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The Medieval Warm Period in Northwest Lithuania
Stancikaite, M., Sinkunas, P., Risberg, J., Seiriene, V., Blazauskas, N., Jarockis, R., Karlsson, S. and Miller, U. 2009. Human activity and the environment during the Late Iron Age and Middle Ages at the Impiltis archaeological site, NW Lithuania. Quaternary International 203: 74-90.

What was done
The authors carried out interdisciplinary research at the Impiltis hill fort and settlement area of Northwest Lithuania in order "to study the climate and the human impact on the landscape, the development of the settlement and the hill fort, the types of agriculture employed there, and changes in the local economy," while simultaneously "interpreted in the obtained data [were] the environmental variations produced by global climatic shifts."

What was learned
Stancikaite et al. determined that "the transition from the first to the second millennium AD, also the onset of the 'Medieval Warm Period,' coincided with a period of intensive human activity at the Impiltis hill fort and settlement area." There was at that time, as they continue, "a high intensity of farming activities, which were supported by favorable climatic conditions and included the existence of permanent agricultural fields as well as the earliest record of rye cultivation in NW Lithuania."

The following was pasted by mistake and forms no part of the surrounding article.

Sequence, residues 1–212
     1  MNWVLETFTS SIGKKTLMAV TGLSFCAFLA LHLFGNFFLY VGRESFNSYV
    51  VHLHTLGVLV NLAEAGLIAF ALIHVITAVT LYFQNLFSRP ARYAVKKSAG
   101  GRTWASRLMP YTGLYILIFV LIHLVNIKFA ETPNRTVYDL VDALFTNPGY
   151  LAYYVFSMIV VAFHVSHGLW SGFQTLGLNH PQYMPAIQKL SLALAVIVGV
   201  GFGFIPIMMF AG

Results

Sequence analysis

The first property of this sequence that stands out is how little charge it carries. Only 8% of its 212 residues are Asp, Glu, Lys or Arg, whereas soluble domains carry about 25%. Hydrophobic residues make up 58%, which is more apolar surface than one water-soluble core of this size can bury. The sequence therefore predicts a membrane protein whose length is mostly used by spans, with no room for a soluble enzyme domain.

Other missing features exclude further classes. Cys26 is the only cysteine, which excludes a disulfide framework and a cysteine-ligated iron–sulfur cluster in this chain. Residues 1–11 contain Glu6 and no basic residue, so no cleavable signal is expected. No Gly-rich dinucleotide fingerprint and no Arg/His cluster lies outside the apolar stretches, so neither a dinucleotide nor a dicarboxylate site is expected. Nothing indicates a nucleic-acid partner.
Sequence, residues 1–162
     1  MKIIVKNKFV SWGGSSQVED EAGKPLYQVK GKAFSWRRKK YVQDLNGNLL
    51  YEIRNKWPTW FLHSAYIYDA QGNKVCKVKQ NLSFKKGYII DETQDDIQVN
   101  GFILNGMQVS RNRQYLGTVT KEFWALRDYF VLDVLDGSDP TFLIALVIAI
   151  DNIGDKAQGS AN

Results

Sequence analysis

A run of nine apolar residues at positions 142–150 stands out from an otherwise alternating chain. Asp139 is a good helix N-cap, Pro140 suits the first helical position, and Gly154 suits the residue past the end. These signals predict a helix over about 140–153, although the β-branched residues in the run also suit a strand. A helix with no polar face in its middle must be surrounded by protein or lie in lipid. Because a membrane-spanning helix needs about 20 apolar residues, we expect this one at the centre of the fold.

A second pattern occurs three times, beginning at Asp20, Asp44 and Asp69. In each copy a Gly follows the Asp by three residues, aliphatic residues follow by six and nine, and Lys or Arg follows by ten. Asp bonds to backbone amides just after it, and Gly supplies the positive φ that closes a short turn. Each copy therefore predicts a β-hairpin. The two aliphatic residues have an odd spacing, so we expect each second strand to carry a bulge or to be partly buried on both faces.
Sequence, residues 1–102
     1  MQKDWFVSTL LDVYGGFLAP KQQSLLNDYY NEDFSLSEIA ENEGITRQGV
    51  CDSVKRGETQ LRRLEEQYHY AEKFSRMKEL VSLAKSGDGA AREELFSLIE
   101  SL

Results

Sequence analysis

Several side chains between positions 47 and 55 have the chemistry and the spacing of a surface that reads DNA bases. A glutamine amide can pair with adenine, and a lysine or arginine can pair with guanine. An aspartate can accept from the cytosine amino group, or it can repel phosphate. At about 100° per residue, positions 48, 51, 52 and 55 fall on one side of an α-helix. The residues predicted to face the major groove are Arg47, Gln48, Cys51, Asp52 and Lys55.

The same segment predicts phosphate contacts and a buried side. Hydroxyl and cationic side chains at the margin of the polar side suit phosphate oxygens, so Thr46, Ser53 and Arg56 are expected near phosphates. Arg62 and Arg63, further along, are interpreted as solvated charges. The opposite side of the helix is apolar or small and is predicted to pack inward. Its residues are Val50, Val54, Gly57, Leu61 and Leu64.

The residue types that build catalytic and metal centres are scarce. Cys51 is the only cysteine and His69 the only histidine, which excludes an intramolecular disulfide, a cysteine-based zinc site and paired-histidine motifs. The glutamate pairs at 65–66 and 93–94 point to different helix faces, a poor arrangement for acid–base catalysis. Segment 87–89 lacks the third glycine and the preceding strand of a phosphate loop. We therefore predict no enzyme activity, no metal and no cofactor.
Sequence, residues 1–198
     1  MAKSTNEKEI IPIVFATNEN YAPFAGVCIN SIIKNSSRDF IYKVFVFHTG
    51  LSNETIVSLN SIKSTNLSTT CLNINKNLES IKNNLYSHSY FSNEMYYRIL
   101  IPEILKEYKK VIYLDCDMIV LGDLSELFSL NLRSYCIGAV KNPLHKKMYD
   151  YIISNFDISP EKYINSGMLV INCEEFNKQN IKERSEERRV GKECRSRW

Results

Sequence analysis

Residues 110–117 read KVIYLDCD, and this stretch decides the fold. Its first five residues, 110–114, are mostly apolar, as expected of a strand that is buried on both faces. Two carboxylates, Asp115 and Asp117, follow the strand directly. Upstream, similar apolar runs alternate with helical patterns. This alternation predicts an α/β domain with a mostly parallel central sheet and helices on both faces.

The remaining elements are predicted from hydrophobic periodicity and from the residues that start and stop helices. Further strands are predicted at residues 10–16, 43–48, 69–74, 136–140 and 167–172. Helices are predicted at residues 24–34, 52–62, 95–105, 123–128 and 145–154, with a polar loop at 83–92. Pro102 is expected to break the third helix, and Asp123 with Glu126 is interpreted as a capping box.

The "period of most prominent human activity in the Impiltis," as the eight researchers describe it, "was dated back to about 1050-1250 AD," and they say that "the favorable climatic conditions of [this] 'Medieval Warm Period' may have supported human activity during its maximum phase," which inference, in their words, "correlates well with the chronology of the hill fort and settlement prosperity as represented in data collected from the site." Thereafter, they suggest "it is possible that the ensuing gradual regression of human activity was caused, in part, by the climatic deterioration known as the 'Little Ice Age'."

What it means
Once again, we have a treasure trove of new real-world evidence for what Stancikaite et al. describe as "remarkable changes" in Northwest Lithuania's "environment and population history" that "took place in the context of worldwide climatic fluctuations," which were, of course, totally independent of any fluctuations in the atmosphere's CO2 concentration (since there were no signification CO2 fluctuations over this period). And these observations suggest that the reverse of that "worldwide climatic fluctuation" -- earth's recovery from the global chill of the Little Ice Age (which led to the creation of the Current Warm Period) -- has also had nothing to do with concomitant changes in the atmosphere's CO2 concentration, revealing the weakness of climate-alarmist claims to the contrary.

Reviewed 24 March 2010